I’ve honestly smelled better in abandoned buildings than this dark brown, almost black solution sitting on the counter in my film lab (read: laundry room), but will it develop film, everything I’ve read and seen online says it well; my brain and nose say otherwise, and I pour it into the tank. So as I agitate the tank, I hope that this strange brew (with apologies to Bob & Doug McKenzie) does its job. So before I continue, let me answer the question that some of you may be asking, what exactly is caffenol? Caffenol is a film developer that you can make at homeRead More →

This is what it’s all been leading up to. A print, there’s something unique about holding a print in your hand, looking down at the patterns of light and shadow being brought out in blacks, whites, and grays, it’s magic. Well actually its science, the perfect blend of art and science. Creating the print is a rather neat process from start to end and when you sit down and think about the sheer amount of control you have over the whole process is fantastic. You get to pick the camera (and in some cases the lens), film stock. Then you can meter it the wayRead More →

When it rains, the last place you’ll want to be is Fort Meigs, trust me on this one. The fort isn’t the nicest fort that got involved in the war, there is not a long drawn out or particularly memorable history about the depot fortification. It really is more of an afterthought, a post designed to be a stopping point for troops and supplies, and while it saw only two sieges over the course of the war it did stand out in one way. It was the largest wooden palisade wall fort in all of North America, at least when it was first built. UnlikeRead More →

The Siege of Fort Meigs was a mess, a minor action at a depot fort that did little but injury the personal morale of a British officer and drive a wedge in the strained alliance between Tecumseh and the British. It was the opening move in the long game of William Henry Harrison and his designs for the invasion of Upper Canada. A muddy mess that did little to further the British plans but was exactly what Harrison had hoped in the end. A small, tactical victory. One of seven blockhouses that served as defensive strong points and secure artillery batteries for the palasade wallRead More →

With a commanding view of both Lake Ontario and the Niagara River, the old colonial fort has a long and complicated history connecting it to three different nations that formed the basis of the modern countries that exist today. Not to mention it serves as the oldest collection of stone buildings west of Montreal and the oldest fortification I have had the honour of visiting and documenting. I’m of course talking about Fort Niagara. The French Castle is the oldest and central structure of Fort Niagara and dates back to 1729. Pacemaker Crown Graphic – Schneider-Kreuznack Angulon 1:6,8/90 – Kodak Tri-X Pan @ ASA-320 KodakRead More →

One of the best-kept secrets of Niagara-On-The-Lake is the fact that the town itself has risen from the literal ashes to the quiet tourist town that it is today. If you take a close look at many of the historic buildings most don’t date any further back than 1813, and there’s a reason for that, considering how old the community is. Founded originally in 1781 as Butlersburg, as many of the original settlers were members of the Loyalist Irregular unit known as Butler’s Rangers, would take on the name West Niagara. When Upper Canada was officially established, John Graves Simcoe renamed the town again toRead More →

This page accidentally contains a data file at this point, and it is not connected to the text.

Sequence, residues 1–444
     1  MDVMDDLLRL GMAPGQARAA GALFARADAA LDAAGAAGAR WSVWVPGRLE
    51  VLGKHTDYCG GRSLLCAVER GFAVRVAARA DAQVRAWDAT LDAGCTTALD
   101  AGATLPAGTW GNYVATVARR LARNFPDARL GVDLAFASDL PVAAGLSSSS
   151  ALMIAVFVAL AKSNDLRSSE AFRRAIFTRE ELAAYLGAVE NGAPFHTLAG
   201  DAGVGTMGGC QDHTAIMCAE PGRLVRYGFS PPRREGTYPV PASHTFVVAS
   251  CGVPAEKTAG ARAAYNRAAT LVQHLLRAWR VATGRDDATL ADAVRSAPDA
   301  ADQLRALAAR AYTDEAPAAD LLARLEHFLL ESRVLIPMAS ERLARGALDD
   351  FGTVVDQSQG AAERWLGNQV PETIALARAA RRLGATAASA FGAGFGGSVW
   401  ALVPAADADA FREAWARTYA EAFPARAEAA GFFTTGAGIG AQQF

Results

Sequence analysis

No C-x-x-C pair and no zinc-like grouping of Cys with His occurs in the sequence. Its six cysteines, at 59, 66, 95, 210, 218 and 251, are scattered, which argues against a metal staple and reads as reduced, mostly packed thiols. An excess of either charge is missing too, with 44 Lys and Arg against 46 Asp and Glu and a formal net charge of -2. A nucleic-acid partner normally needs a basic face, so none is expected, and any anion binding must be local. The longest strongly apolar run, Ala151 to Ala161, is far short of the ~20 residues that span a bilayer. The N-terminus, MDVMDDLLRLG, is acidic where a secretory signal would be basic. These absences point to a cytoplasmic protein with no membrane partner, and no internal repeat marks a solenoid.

She is the stuff of legends, a hero in her own right, a hull of iron, and undefeated in battle. A mighty sailing ship that spans three centuries and is still able to move under her power, she’s called Old Ironsides, but her real name is the US Frigate Constitution (44). And while the history of the Constution extends both before and long after the Anglo-American War of 1812. And while the ship is not a fort, person, battle, or location, it played a major role in the war and added to the overall mythos surrounding the war in these past 200 years. By 1793Read More →

Last week Sunday was August 19th, to most people it’s just another Sunday, but August 19th is World Photography Day…why the 19th, simple, it was on August 19th, 1839 that France gave the world a gift, the gift of Photography. You see earlier that year (January 9th) Joseph Nicèphore Nièpce and Louis Daguerre developed the photographic process and the French Academy of Sciences passed it along to the world. So after church that morning I loaded up a roll of Kodak Tmax 100 into my Rolleiflex and hit a local hiking trail, Mount Nemo. World Photography Day was created in 2009 and launched in 2010Read More →

By the end of summer 1814, the jig was up for the American invasion. While they had managed to strike at the British and nearly pushed them off the Niagara peninsula again, the new commander-in-chief of the British forces in Upper Canada was going to have none of that. Following the quick movements, it all turned around at the Battle of Lundy’s Lane and General Drummond managed to push the Americans back to their beachhead at the now heavily fortified Fort Erie where the Americans had started not a month earlier. And Drummond would begin his siege that would lead up to one of theRead More →

Following a series of defeats that saw the surrender of three American Armies and the British in control of the entire Michigan Territory from Ohio to Mackinac Island. General Henry Dearborn needed a new plan, one that would not only boost the morale of his troops but give Washington DC a swift victory that they had been expecting. It was again decided that a three-pronged assault would be enough to force the British to retreat and surrender from Upper Canada. But it didn’t go exactly to plan. Dearborn believed the false report that 8,000 British Regulars garrisoned Kingston, home to the Royal Navy Squadron onRead More →